Louisville's Guards Vs. Clemson's Tackles
The biggest impact on this game will be Louisville's ability to stop Clemson's defensive line from getting penetration. Louisville has been able to do a great job running the football with the read option, traditional run plays, and inverted veer. They've also been able to do a great job giving Lamar Jackson the time to survey the field and find the open receiver.
The key to stopping a mobile quarterback is containment and the only way you can do that is if you have guys free to spy the quarterback. People think that speed is a big deal with spying quarterbacks but it's really about angles and free space for the defender. Marshall did a good job with this early in the game last week if you want a visual aid. The spy wasn't necessarily needed, but you can see how they were able to play because they had the space. Lamar Jackson is what the kids call "a problem" because he is insanely quick in open space and he doesn't waste movement. If Clemson can cause havoc with four or five rushers, Lamar will be running into more than one guy as he scrambles and that man will have the angle on him.
Where Clemson's defensive tackles really can cause a problem is by collapsing the pocket and shrinking the space that Lamar Jackson has to operate. Jackson bailed out of good pockets last week against Marshall because he brought his eyes down to the rush Dexter Lawrence and Carlos Watkins could get push against UofL's interior linemen and push the pocket right back into Jackson. At that point Jackson would have a hard time not watching the rush and the passing game ends up suffering. Louisville's line needs to play like they did against FSU or this game ends up being a close one.
Cordrea Tankersley Vs. James Quick
I'm a sucker for a really good receiver/corner matchup and with the way that both of these guys are playing there could be some really fun battles throughout the game. Tankersley will play the boundary side on Saturday, so he won't always be matched up with Quick but when he is it will be fun to watch. Quick has been the big play receiver for Louisville after being moved back outside this year. Quick has shown that he can run by guys as well as get physical and force guys off balance. What's really stood out this year is how well he's done on routes to the boundary and catching the ball with his hands. Tankersley is an extremely physical guy that plays with a lot of confidence and likes to get into guys pads at the line of scrimmage. He excels down the field on contested passes and got tons of practice last year when he was being picked on opposite Mackensie Alexander.
The first key actually impacts this matchup a lot. If Clemson can get pressure with their front four they should be able to line up with two deep safeties. Bobby Petrino likes to dictate what the defense does with formations and play designs. When things are going well he manipulates the defensive formations and next thing you know you have a streaking wide receiver going in for a 71-yard touchdown. That's exactly what happened last week on Quick's score. Marshall was playing three safeties deep but one of them was responsible for the second receiver to his side. Petrino lined up in a two back set with a slot to the left side. That means that the safety to the right side of the offense is now responsible for the second receiver to that side (The RB). The running back ran to the flat which drew the safety up the field. That just left Quick to beat his man and he's in for six. Brent Venables gets to do what he wants because his line is dominating those plays are harder to come by.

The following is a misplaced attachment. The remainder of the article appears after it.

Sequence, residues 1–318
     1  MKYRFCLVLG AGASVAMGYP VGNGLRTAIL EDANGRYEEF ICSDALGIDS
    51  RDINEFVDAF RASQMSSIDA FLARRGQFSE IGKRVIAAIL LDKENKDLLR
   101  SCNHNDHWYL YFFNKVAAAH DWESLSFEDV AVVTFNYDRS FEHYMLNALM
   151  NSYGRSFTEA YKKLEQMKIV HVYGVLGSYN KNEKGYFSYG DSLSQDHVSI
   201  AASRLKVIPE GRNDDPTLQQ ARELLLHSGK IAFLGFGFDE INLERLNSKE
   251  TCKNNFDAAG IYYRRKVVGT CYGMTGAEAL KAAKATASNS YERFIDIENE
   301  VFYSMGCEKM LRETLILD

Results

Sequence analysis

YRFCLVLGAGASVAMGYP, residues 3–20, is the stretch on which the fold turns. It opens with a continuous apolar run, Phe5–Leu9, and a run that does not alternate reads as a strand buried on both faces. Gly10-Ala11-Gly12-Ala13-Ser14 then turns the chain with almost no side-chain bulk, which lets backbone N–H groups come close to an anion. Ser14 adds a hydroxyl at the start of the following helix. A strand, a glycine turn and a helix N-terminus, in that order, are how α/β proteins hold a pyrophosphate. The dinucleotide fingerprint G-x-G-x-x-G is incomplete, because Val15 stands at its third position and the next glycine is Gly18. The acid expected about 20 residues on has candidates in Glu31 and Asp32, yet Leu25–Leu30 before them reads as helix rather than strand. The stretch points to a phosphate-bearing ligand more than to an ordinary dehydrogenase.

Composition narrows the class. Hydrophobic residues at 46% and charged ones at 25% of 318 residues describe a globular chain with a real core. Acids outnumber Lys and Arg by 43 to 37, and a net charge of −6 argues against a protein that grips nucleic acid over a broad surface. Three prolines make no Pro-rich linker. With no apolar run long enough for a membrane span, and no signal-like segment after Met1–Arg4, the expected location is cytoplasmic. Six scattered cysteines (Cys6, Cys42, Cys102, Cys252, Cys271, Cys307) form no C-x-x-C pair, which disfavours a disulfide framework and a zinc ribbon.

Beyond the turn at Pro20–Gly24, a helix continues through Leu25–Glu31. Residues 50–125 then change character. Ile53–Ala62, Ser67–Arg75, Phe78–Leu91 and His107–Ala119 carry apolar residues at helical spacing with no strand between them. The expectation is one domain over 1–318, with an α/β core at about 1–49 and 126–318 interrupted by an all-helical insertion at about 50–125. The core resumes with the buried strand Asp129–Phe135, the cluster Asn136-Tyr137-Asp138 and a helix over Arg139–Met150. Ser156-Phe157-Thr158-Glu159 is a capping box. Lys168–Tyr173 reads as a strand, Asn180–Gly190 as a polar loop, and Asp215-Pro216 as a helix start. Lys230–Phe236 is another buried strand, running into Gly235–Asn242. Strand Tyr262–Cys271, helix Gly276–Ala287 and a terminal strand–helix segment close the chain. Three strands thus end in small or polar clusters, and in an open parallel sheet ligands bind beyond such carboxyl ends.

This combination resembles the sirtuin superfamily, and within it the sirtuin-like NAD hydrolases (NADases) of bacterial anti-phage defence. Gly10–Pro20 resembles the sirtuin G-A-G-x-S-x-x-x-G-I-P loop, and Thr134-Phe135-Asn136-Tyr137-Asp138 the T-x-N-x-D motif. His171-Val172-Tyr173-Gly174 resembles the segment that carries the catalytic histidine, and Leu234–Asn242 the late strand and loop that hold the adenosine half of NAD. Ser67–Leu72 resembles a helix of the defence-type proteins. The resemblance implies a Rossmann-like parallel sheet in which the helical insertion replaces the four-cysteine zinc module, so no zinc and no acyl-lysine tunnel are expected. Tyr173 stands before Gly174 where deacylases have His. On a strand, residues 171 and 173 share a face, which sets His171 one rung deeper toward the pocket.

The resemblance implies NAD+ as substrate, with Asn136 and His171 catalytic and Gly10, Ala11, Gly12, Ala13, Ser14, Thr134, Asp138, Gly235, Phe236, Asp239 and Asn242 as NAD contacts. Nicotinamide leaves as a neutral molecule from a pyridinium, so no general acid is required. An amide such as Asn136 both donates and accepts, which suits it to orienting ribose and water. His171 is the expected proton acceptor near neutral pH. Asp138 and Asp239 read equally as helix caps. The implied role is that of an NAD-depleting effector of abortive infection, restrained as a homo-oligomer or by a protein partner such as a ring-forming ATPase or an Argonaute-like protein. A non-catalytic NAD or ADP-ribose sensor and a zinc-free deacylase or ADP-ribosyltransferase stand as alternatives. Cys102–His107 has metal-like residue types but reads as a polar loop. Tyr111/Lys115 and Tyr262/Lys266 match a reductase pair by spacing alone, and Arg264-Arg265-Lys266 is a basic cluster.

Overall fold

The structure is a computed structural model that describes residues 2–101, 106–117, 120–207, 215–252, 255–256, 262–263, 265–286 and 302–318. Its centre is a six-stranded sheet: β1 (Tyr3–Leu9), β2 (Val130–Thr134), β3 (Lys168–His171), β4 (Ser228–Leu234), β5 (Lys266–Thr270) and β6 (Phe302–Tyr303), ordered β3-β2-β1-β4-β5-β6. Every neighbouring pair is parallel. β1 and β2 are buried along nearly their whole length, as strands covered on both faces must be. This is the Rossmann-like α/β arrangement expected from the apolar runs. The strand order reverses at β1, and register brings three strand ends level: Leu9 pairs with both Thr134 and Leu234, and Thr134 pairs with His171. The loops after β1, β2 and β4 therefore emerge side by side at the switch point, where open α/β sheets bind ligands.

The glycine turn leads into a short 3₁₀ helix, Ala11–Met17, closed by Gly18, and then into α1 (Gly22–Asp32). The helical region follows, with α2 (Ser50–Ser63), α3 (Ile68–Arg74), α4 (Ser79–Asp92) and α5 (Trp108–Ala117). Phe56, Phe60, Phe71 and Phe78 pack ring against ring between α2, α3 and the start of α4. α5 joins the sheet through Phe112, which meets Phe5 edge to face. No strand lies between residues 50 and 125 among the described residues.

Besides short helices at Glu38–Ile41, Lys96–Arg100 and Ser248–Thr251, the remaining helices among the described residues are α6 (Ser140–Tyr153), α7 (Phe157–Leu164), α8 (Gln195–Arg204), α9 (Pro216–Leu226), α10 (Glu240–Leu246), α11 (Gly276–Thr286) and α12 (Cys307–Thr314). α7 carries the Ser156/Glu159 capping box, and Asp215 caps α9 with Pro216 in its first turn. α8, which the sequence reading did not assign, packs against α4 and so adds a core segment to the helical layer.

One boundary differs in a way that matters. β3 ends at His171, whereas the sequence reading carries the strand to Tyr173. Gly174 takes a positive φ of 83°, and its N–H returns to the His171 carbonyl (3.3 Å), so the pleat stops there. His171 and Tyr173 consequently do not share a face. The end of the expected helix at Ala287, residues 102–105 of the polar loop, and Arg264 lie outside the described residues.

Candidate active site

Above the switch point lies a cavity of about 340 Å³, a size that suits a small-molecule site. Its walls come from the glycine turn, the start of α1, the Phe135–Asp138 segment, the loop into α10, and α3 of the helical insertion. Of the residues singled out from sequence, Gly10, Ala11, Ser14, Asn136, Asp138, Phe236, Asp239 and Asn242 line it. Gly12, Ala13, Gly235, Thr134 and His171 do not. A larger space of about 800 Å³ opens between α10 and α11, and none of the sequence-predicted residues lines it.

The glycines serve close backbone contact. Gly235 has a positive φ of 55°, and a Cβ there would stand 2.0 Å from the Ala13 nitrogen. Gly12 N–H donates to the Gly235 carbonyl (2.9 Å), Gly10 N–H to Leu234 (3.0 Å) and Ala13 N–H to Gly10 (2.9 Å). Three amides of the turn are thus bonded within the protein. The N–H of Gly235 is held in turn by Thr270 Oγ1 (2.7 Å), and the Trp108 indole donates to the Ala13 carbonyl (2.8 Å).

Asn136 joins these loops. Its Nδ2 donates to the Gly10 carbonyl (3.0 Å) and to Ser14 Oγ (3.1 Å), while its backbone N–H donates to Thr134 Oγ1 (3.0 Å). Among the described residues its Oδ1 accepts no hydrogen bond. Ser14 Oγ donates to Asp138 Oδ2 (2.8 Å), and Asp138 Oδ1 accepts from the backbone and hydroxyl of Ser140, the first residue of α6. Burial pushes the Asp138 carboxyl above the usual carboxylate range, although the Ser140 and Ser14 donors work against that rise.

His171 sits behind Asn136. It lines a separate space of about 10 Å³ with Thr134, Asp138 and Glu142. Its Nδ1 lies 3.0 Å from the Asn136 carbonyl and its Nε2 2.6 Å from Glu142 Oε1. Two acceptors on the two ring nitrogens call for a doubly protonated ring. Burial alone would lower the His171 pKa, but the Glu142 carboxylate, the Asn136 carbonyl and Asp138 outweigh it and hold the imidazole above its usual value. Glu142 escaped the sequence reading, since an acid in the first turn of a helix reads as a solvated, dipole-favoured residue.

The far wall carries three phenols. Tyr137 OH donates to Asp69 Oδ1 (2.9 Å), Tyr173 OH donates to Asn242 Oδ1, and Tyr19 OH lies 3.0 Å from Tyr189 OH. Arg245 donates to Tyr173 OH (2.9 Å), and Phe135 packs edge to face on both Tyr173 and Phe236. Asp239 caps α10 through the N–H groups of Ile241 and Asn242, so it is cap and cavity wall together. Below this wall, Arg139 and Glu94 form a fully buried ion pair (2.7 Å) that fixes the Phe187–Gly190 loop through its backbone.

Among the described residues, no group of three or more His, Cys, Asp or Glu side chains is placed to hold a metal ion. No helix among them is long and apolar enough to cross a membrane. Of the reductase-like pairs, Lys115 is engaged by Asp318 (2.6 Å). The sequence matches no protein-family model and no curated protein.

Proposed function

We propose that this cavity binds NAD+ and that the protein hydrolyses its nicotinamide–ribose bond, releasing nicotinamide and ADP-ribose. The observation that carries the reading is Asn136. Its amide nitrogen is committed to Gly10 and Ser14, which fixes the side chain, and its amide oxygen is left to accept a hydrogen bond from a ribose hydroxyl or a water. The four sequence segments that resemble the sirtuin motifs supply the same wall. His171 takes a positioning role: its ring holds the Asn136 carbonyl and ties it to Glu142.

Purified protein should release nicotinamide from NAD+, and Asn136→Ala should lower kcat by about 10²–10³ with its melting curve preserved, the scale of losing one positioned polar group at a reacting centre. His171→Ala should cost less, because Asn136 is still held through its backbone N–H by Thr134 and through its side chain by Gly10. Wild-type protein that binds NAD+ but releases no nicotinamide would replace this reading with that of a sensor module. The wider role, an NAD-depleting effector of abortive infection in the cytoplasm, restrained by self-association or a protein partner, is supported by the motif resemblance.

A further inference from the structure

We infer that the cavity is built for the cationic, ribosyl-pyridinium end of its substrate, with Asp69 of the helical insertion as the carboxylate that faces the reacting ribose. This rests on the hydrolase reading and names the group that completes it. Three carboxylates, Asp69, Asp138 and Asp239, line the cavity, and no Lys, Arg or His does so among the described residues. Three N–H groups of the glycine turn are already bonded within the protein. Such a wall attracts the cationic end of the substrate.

James Hearns Vs. Mitch Hyatt
Mitch Hyatt is one of the best left tackles in the country and he played very well as a true freshman last year. He wasn't perfect, however, and James Hearns is playing like an All-American so far this year. Hyatt is a pretty athletic tackle but Hearns has had a lot of success using his speed to get around guys while also having enough strength to fight fight through linemen when they're extended. Hyatt's footwork is impressive and I don't think he will have to reach as much with Hearns, but Clemson will have to push the ball down the field in this game so that extended time in the pocket could give Hearns the time to get to Deshaun Watson.
Ben Boulware Vs. Lamar Jackson
Louisville has had a knack for struggling against backside linebackers over the last few years and that trend started two years ago when Ben Boulware stepped in for an injured Tony Steward in 2014. Boulware finished with 9 tackles with 2 of them being behind the line. Boulware is an outstanding interior blitzer and he plays like a maniac. Lamar Jackson is outstanding at escaping pressure and making a defense pay for pressuring him. So Lamar has to see Boulware's blitzes and get away from him and rush up the middle of the field when he can. Blitzes vacate an area and if Lamar can't make a pass in that zone, his legs can get him there.
Brent Venables Vs. Bobby Petrino
Saturday will pit the best two minds in offensive and defensive football in the country. Both Venables and Petrino are known as great play callers as well as preparation experts. Petrino's 15 play script to start a game is one of the most fabled things in college football while Venables' pressure packages are known to blow up any game plan. Venables has a slight upper hand with a few extra days to prep as well. Petrino has two games against a defense that he couldn't beat. Bobby is the type of person that losses sleep over things like that. I'd imagine that a good chunk of his off season was spent scheming against Venables' defense. He also has Lamar Jackson and no one else does. I think that initially Clemson will hold their own but eventually Petrino figures out where the weak points are and attacks them.